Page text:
The above button is the reset button and, if it is held down for from 5 to 15 seconds and then released, will execute the /etc/btnaction script, passing in a parameter called reset_short. This script will delete the the password and reboot the router.

All of the parameters can be altered to fit your needs or the entire entry can be removed by clicking on the Delete button.

The Minimum and Maximum Hold Time are only used when the Action is set to released. They are not used by any other action. They only appear when the action selected is released. If the hold times are left blank then the button can be held for any amount of time and still have the action executed.

A button can have multiple actions attached to it by changing the minimum and maximum hold times and the Handler script. This has been done to the reset button so it can either remove the password or reset the router to flash state.

So, if the reset button is held for 5 to 15 seconds it executes the /etc/btnaction script with the reset_short parameter. If it is held for 17 to 30 seconds it will execute the same script but with a different parameter, reset_long. The script then sorts out what should be done by checking the parameter that is passed to it.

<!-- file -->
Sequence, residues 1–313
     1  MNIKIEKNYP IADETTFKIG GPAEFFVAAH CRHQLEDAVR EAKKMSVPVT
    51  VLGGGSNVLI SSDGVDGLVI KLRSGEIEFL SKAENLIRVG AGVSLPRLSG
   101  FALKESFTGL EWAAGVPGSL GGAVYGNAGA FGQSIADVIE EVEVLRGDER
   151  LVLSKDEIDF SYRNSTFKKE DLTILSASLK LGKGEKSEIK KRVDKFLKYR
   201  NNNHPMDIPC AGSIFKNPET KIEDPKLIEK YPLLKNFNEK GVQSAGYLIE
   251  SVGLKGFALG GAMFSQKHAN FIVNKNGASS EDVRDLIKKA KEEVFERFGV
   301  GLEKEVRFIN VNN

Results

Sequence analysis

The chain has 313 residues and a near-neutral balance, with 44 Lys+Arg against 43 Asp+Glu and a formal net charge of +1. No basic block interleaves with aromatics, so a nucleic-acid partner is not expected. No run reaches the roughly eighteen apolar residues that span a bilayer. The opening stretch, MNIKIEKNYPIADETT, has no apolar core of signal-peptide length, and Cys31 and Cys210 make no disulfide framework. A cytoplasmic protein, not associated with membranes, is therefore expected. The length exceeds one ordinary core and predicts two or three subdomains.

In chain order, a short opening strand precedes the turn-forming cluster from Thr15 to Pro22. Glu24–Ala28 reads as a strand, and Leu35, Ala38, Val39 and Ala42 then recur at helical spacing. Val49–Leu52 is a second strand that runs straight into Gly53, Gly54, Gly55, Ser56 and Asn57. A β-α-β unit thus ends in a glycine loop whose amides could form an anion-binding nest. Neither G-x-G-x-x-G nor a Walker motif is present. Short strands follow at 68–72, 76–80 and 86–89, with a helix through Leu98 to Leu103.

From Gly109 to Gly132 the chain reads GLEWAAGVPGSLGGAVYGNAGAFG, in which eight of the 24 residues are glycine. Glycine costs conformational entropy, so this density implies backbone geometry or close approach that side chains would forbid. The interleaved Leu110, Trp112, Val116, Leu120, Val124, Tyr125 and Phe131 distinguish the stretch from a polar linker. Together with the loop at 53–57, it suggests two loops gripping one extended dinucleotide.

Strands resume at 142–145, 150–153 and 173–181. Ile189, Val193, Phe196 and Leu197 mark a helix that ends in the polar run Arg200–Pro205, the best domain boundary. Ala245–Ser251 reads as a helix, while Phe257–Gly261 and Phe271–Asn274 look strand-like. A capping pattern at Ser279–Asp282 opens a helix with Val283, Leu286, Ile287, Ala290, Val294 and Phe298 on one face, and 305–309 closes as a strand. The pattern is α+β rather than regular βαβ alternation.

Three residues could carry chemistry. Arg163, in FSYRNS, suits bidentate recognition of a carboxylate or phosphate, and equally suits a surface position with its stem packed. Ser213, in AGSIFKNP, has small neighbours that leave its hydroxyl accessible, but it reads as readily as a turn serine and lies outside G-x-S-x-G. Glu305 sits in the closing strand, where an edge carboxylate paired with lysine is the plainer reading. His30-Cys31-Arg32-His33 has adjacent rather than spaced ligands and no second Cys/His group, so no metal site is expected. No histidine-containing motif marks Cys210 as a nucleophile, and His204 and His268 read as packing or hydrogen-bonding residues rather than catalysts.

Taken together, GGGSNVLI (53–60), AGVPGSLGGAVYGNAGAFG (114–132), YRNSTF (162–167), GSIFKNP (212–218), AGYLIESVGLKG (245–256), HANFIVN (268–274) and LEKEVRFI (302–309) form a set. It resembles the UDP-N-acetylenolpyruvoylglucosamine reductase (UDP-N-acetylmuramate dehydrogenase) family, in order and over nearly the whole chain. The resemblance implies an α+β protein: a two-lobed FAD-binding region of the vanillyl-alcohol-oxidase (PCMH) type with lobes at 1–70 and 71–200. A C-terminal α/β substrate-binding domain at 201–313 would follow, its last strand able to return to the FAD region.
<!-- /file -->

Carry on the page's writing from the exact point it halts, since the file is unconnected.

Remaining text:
If you wish to add a new action for a button, click on the Add button at the bottom of the page. This will create a new blank button entry, ready for you to fill in the parameters.

Be sure to click on Save & Apply in the lower right corner when you have finished making your changes.

Built in Script Actions

There are 6 different actions built in to the /etc/btnaction script. These are the following.

/etc/btnaction reset_short Delete the password and reboot the router
/etc/btnaction reset_long Reset the firmware to the last flash state and reboot router
/etc/btnaction wifi Toggle the wifi on or off
/etc/btnaction wifi on Turn the wifi on
/etc/btnaction wifi off Turn the wifi off

By placing any of these actions in the Handler of the button you can have the specified action take place.